“They have always been very popular and well attended by Los Altos and Los Altos Hills families,” said Friends spokeswoman Elizabeth Montgomery.

The tours offer an opportunity for participants, especially families with children, to visit the animals in their pens, stroll through the garden, catch the orchard in bloom and learn about homestead farming as it was practiced 150 years ago.

Guests will be able to visit Luna the cow, her offspring Roxie and new calf Zoe. They can also see new farm babies, including kids and lambs, pet the rabbits and chickens, and visit ducks in their new habitat.

“We’ll have some fun, interactive activities for the kids in our bountiful garden, too,” Montgomery said. Trained docents will be available to share information and answer questions.

The farm’s Nature Center, which features exhibits of the local flora, fauna and wildlife, will be open for hands-on learning.

The Friends’ merchandise booth will offer T-shirts, sweatshirts, mugs, photo cards, reusable farm-themed shopping bags and handcrafted items for sale on a cash or check basis.

Tours are $7, free for children 1 and under. Proceeds support the farm and its educational programs. For more information, visit deerhollowfarmfriends.org.


Mediation Program Changes Its Name

Posted on March 21, 2015 by  
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MediationThe Los Altos Mediation Program recently changed its name to Los Altos Dispute Resolution Services (LADRS).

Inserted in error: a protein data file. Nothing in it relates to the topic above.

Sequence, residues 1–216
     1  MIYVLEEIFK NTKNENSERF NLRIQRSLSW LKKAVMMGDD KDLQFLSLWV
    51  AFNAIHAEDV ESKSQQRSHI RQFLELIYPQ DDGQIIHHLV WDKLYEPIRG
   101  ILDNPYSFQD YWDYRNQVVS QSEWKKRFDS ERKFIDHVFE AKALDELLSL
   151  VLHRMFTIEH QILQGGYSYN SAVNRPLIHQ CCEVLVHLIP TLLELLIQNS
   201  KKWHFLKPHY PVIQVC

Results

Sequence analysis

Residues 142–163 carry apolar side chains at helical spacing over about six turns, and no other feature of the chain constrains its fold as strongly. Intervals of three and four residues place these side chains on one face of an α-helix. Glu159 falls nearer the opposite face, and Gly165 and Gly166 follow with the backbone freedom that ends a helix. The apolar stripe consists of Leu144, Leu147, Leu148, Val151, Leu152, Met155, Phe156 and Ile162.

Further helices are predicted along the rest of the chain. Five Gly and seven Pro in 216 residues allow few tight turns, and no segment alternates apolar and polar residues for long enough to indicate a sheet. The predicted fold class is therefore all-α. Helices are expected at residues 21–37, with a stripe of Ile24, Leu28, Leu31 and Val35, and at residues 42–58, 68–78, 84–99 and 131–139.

LADRS offers free mediation services to Los Altos and Los Altos Hills residents and businesses. The program’s name change coincides with its 20th anniversary in March.

Since 1995, the program has provided clients with options of face-to-face meetings, telephone counseling or resource referrals aimed at resolving disputes in a nonadversarial, supportive atmosphere.

“Using the words ‘dispute resolution’ in our title will make it easier for those searching for help with a dispute, as it is more descriptive than the lesser-known word ‘mediation,’” said Annette Graff, LADRS advisory board chairwoman and volunteer mediator. “The new name increases the understanding of the services we offer.”

LADRS features a panel of trained volunteer mediators, all local residents. Referrals for dispute resolution services come from sources such as the Internet, the police or sheriff’s departments, word of mouth, local government and other nonprofit agencies.

LADRS has assisted clients in the following situations.

• A tenant and landlord resolved a conflict over the termination of a lease agreement in a private and confidential meeting facilitated by LADRS volunteer mediators.

• Two neighbors attended a mediation session to identify which new boundary replacement fence would be the best choice for both of their properties. After choosing, both neighbors left the meeting with a written detailed plan on the fence, including the type of wood, style of fence, shared cost and date of installation.

• A tenant renting a room in a landlord’s house disagreed with changing house policies. The landlord threatened to terminate the tenancy. With the help of a mediator, the parties – both seniors – were able to address underlying issues and establish a clear and precise house policy list. On follow-up, the parties were able to get along and provide each other much-needed assistance.

• Several neighbors attended a dispute-resolution meeting to voice their concerns about loud parties in the park across the street. LADRS facilitated the meeting to give voice to each resident’s concern, and guided the parties through a problem-solving plan that addressed each issue.

For more information, call 949-5267 or visit losaltosdisputes.org.